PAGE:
|Publication number||US4694287 A|
|Application number||US 06/658,049|
|Publication date||Sep 15, 1987|
|Filing date||Oct 5, 1984|
|Priority date||Oct 7, 1983|
|Also published as||DE3475975D1, EP0145520A2, EP0145520A3, EP0145520B1|
|Publication number||06658049, 658049, US 4694287 A, US 4694287A, US-A-4694287, US4694287 A, US4694287A|
|Inventors||Andre Chenevas-Paule, Jean-Frederic Clerc|
|Original Assignee||Commissariat A L'energie Atomique|
|Export Citation||BiBTeX, EndNote, RefMan|
|Patent Citations (10), Non-Patent Citations (2), Referenced by (24), Classifications (23), Legal Events (5)|
|External Links: USPTO, USPTO Assignment, Espacenet|
The present invention relates to an active matrix display screen without intersection of the addressing row and column collectors. It is used in optoelectronics in the production of liquid crystal displays more particularly used as converters of electrical information into optical information.
Most liquid crystal display screens with a complexity equal to or greater than 105 elementary image points use a matrix addressing mode. This addressing mode has limitations, which are in particular studied in the article "Perspective actuelle de presentation de'mages sur panneaux plats" which appeared in the Journal "OPTO", No. 6, September 1981, pp. 29 to 31. These limitations mainly relate to the addressing selectivity of an elementary image point and to the displaying speed.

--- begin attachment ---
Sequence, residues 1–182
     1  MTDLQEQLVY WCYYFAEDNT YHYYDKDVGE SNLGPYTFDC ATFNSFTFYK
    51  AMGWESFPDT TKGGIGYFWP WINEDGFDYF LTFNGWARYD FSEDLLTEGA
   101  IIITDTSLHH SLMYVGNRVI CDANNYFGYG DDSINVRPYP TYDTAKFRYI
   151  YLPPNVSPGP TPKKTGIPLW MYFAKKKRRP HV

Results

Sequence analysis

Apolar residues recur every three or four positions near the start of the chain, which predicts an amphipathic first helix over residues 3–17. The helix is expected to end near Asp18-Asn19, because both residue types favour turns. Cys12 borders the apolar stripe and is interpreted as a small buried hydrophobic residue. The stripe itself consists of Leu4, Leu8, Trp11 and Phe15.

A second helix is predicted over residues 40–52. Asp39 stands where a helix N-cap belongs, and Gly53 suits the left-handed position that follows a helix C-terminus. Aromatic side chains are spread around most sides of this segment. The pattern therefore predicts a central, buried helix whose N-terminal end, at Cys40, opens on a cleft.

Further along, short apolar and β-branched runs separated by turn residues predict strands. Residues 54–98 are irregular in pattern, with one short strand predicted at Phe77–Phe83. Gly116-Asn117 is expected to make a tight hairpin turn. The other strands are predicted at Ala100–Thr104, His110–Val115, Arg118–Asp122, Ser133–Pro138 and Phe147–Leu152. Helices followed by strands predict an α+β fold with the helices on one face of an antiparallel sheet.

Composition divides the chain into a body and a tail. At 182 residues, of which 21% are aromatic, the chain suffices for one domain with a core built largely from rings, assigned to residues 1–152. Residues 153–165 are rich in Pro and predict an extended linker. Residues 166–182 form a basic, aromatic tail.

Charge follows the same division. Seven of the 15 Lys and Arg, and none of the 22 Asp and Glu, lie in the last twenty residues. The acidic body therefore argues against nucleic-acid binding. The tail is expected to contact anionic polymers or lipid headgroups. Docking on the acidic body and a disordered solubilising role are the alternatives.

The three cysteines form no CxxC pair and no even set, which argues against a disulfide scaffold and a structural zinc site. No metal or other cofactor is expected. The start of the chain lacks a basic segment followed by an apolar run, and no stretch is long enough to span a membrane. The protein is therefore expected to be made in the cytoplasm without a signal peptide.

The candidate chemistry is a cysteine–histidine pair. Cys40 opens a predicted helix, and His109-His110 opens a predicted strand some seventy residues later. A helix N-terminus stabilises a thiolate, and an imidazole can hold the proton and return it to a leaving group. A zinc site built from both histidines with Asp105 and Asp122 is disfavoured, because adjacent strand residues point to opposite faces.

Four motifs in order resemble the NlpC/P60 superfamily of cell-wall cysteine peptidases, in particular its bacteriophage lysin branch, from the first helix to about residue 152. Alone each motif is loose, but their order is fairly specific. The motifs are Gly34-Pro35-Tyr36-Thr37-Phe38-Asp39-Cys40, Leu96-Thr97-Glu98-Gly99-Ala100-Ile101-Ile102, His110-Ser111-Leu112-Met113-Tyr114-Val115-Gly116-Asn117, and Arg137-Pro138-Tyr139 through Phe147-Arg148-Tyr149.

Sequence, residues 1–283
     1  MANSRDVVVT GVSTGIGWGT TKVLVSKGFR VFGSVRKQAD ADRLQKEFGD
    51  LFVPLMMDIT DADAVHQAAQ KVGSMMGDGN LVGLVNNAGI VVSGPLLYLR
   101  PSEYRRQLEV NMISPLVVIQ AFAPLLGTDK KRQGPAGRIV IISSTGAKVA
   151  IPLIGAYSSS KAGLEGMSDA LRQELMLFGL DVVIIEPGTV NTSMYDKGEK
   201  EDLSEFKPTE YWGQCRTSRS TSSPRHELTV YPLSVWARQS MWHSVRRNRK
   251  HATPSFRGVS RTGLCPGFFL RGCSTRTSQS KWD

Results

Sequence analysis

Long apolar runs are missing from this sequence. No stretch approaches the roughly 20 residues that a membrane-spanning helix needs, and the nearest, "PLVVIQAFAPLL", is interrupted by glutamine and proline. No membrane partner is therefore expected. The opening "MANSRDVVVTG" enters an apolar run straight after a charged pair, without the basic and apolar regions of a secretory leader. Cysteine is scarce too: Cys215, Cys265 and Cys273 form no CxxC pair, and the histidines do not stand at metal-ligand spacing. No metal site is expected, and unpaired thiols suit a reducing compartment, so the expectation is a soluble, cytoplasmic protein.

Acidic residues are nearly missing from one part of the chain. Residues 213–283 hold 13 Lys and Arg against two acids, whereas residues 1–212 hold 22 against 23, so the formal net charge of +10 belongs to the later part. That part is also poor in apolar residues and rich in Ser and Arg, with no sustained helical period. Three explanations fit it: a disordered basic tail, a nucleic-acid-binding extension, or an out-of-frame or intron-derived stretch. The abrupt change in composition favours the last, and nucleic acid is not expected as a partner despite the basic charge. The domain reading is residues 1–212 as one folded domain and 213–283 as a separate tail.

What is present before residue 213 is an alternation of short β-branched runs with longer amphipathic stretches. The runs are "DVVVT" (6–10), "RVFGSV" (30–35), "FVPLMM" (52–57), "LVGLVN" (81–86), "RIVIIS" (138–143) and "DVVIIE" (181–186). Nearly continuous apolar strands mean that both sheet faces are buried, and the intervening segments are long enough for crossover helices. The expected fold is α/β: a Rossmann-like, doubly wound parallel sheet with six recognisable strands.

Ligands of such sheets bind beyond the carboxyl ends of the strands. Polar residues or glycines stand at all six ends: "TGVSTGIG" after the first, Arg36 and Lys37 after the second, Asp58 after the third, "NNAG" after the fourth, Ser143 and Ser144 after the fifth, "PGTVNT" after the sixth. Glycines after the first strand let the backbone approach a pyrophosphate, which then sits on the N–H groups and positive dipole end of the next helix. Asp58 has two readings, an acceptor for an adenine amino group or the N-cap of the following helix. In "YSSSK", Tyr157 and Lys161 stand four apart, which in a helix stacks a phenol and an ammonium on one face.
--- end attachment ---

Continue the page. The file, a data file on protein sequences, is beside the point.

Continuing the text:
In order to select a particular image point, it is necessary for the potential difference between the row and the column at the intersection of which the image point is located to exceed a threshold voltage Vs and simultaneously the voltage at each of the other image points is significantly below the threshold voltage Vs. This is generally realised by applying carefully chosen non-zero voltages to the unselected rows and columns. This leads to high energy costs, which increases in linear manner with the number of rows.